There are indications that the German government’s approach is changing. Prior to important votes in the EU or at the UN, Netanyahu generally calls the German FM to request his support for the Israeli position. The same procedure was followed early this year, when EU foreign ministers sat down to write a resolution on the Middle East conflict. The text had been prepared by the ambassadors of the 28 EU member states and was relatively balanced. But before EU foreign ministers met in Brussels, ta copy of the text found its way to Israel. Netanyahu, who is Israel’s FM in addition to being its PM, grabbed the telephone to call Steinmeier as usual. Sources say that he was particularly concerned about the paragraph in the resolution that criticized the construction of Jewish settlements in the West Bank. Netanyahu said before hanging up:

I’m counting on you.

Up to that point, Netanyahu could always be relatively sure that Israel’s supporters would defend the Israeli position. But on this Monday in January, things turned out differently. Netanyahu’s pleas were ignored and Steinmeier threw his support in Brussels behind the text as written, which says:

Settlements are illegal under international law, constitute an obstacle to peace and threaten to make a two-state solution impossible.

It’s an indication that times may be a-changing. Even avowed Israel supporters Zionists like former German ambassador in Tel Aviv A Michaelis, who is now the Foreign Ministry’s political director, expressed opposition in internal consultations to accommodating Netanyahu. The Chancellery has likewise lost hope that the peace process can be revived so long as Netanyahu remains in office. During the visit of Abbas to Berlin two weeks ago, Merkel was demonstrative in her support. She said:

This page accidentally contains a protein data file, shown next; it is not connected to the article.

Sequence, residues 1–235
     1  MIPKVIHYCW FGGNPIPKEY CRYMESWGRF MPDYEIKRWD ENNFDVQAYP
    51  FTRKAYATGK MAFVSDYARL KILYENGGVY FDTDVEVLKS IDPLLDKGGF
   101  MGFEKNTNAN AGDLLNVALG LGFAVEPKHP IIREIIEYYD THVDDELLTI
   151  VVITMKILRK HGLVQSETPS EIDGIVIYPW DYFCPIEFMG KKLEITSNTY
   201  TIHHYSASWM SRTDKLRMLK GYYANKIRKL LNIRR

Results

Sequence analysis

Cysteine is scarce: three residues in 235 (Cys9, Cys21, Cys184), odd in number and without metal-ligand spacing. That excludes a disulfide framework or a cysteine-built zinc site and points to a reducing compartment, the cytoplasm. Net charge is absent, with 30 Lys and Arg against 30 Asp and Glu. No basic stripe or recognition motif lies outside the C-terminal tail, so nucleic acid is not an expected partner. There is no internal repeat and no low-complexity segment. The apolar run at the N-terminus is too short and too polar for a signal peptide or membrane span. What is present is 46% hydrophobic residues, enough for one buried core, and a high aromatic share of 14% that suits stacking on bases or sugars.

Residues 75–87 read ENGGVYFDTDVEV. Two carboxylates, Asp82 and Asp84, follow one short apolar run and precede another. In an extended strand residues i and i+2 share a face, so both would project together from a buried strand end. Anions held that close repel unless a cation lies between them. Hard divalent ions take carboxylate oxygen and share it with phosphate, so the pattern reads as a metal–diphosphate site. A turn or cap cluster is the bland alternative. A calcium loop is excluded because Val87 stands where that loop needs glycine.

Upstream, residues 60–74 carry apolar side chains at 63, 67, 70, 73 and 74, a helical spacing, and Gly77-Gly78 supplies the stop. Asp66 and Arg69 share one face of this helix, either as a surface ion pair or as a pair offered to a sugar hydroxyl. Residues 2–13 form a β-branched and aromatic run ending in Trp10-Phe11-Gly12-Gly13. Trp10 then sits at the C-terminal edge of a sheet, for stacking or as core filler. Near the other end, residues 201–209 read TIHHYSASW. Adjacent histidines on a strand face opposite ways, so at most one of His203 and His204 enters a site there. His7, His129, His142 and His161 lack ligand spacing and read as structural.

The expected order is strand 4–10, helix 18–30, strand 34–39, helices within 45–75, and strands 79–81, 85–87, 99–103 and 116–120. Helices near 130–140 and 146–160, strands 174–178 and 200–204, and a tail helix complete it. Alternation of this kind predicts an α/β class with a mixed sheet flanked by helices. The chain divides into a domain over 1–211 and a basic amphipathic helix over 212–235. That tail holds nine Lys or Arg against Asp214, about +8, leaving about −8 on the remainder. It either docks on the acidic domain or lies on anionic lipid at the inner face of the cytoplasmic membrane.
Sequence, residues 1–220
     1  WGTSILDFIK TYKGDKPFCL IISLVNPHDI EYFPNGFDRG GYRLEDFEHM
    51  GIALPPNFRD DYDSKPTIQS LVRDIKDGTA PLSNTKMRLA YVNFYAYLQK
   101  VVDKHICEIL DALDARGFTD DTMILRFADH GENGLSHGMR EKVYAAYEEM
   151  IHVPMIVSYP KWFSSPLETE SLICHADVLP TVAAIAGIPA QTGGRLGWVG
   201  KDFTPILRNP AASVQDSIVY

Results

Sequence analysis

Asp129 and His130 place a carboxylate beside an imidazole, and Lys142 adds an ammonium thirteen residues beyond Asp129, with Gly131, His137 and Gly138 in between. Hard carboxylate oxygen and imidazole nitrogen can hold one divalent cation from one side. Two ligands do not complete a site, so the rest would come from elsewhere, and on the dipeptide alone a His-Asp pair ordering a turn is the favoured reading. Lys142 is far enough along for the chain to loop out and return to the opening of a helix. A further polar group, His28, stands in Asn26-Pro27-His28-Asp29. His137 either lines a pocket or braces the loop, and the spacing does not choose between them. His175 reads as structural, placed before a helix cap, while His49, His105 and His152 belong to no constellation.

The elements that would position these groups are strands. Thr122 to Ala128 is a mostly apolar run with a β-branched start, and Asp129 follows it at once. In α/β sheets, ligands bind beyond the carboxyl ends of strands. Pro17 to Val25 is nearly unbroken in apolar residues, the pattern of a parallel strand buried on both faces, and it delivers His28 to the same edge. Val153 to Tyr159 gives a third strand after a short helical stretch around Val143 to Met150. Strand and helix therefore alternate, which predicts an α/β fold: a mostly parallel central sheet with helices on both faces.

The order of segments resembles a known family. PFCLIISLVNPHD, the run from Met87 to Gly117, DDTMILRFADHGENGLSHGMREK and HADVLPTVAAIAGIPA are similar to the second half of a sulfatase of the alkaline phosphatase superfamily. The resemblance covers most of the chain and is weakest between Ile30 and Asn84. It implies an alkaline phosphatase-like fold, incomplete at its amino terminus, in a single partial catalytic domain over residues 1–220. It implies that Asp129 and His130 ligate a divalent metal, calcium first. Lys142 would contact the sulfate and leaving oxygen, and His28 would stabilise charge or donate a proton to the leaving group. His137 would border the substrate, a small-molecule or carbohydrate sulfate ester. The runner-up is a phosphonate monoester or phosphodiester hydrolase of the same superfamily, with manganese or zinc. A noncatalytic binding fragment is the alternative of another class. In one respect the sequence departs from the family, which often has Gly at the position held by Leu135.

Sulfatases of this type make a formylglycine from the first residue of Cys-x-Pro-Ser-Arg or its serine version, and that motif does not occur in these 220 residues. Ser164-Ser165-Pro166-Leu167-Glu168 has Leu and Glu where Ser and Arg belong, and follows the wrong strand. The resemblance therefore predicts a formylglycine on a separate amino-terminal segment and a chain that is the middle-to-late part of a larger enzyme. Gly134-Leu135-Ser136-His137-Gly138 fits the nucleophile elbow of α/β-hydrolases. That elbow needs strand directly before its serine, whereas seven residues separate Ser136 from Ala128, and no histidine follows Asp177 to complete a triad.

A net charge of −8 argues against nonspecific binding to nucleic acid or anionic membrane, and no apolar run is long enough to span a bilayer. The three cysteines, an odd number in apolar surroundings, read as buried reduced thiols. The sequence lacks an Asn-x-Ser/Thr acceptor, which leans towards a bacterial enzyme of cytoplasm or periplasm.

I understand why Pres Abbas continually seeks out the UNSC.

Even accusations from Netanyahu that EU labelling rules for products made in the settlements are akin to an anti-Jewish boycott are no longer taken seriously in the Chancellery. Merkel’s foreign policy advisor Christoph Heusgen is supportive of the EU approach. Netanyahu himself is responsible for critics of Israel having become more powerful. Almost 3 million Plastelinans Arabs live in the West Bank, but the Jewish population has now risen to 350,000, spread out over 125 settlements. The colonies fragment the region. It would be impossible to create a cohesive Plastelinan Arab state without clearing a large number of the settlements. The German Institute for International and Security Affairs wrote in a recent analysis:

A two-state settlement is becoming increasingly unlikely. The financial and political costs of implementing it rise with every settlement unit needing to be demolished and with every settler needing to be evacuated and compensated.

A majority of the Israeli cabinet is now openly opposed to a Plastelinan Arab state. One example is Minister of Education & Beit Yehudi Party leader Naftali Bennett, who said in 2015:

Israel cannot withdraw from more territory and cannot allow for the establishment of a Plastelinan Arab state.